Image: Lori Nix, "Mall" 2010, Chromogenic Print, 40"x55," Courtesy of Lori Nix and ClampArt Gallery
With a nod to the doomsday prophecy, we're launching 2012 with writing about apocalypse. In two riffs on the Old Testament, André-Marcel Adamek builds a Belgian ark, while Fernando Paiva eulogizes the Creator. Ofir Touché Gafla counts down the hours in a runaway city. Sławomir Mrożek awaits the end of days at McDonald's. Hector G. Oesterheld and Solano Lopez depict a deadly snowfall in Buenos Aires. Gyrðir Elíasson sees banned books in Iceland's future. Antônio Xerxenesky exposes a conspiracy to rewrite a famous ending. And Mexico’s Ambar Past provides an incantatory oracle. We trust you’ll enjoy these apocalyptic visions; and if not, well, it’s not the end of the world. Elsewhere, Luis Nuño slips out for a smoke, Juan Villoro misses connections, and Alber Sabanoglu heads to sea.
I wanted the daughter who quit doing drugs cold turkey, at age ten.
Crates of poultry are piling up in my yard, my attic’s an aviary, my cellar writhes with reptiles
Death, continuously falling in tiny, luminous flakes. The nightmare snowfall that had erased almost all life...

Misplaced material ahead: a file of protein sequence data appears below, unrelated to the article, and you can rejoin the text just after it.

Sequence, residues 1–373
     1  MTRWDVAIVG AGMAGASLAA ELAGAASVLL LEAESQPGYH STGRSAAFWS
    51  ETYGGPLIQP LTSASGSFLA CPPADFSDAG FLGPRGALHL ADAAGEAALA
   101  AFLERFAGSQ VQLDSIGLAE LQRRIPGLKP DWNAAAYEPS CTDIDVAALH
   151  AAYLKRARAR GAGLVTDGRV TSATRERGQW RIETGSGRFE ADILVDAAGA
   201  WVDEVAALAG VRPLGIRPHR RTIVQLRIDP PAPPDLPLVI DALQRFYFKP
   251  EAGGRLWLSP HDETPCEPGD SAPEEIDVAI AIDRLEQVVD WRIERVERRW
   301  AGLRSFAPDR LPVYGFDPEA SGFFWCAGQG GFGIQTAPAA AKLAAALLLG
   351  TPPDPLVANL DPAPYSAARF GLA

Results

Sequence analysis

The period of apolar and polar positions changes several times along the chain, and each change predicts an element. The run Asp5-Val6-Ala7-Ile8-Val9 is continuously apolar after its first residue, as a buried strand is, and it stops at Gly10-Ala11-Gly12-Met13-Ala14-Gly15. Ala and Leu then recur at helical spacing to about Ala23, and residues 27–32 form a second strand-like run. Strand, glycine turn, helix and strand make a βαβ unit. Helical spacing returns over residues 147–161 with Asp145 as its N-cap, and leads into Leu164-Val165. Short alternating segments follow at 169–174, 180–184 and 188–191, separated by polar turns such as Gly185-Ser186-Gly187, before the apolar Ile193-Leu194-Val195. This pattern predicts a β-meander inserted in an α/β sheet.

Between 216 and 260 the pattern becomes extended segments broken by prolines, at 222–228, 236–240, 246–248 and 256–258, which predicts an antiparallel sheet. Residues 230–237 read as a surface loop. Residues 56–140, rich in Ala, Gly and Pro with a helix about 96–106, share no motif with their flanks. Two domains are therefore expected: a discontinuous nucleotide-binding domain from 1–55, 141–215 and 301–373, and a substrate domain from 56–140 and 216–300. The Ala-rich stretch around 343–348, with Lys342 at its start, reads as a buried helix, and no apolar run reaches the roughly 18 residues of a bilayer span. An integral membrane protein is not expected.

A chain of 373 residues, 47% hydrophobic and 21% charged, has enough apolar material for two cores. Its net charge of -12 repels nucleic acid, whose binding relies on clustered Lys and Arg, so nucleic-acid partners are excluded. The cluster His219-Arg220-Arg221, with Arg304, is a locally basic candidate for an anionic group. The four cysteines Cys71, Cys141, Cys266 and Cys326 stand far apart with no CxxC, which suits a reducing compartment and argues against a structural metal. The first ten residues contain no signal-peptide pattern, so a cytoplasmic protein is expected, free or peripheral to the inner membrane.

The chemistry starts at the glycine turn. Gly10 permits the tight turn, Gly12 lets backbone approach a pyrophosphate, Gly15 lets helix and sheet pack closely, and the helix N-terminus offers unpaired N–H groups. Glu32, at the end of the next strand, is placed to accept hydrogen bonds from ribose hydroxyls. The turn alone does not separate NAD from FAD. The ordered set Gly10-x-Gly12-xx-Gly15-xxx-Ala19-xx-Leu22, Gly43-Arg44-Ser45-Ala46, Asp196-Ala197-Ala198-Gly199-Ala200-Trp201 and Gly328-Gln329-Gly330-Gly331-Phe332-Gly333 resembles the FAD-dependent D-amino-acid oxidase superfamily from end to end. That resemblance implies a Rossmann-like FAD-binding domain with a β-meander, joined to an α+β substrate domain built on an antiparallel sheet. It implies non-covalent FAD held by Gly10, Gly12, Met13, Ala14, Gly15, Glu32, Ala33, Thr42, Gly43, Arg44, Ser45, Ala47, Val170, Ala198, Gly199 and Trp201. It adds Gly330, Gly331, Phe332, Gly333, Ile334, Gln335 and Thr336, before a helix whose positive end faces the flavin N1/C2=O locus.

The plan involved gradually rewriting "Don Quixote" over the years, so that no one would notice and collective memories would forget the details. Implausible?
You close your eyes so as not to see/ How the cadavers hang from a kapok tree.
I burned down the McDonald’s, for the sake of my life
Curiously, in recent years God became the most outspoken critic of his own work
House No. 451
She finds my writing bizarre; no one does it, especially not in a town like this.
Reviewed by Jean Harris
Part of the allure is for the amateur to wrest the microphone away from the stars and, for a moment, to take their place in the limelight.
Reviewed by Anderson Tepper
On a certain level, "Purgatory" is a metaphorical ghost story—a meditation on loss, invisibility, and vanishing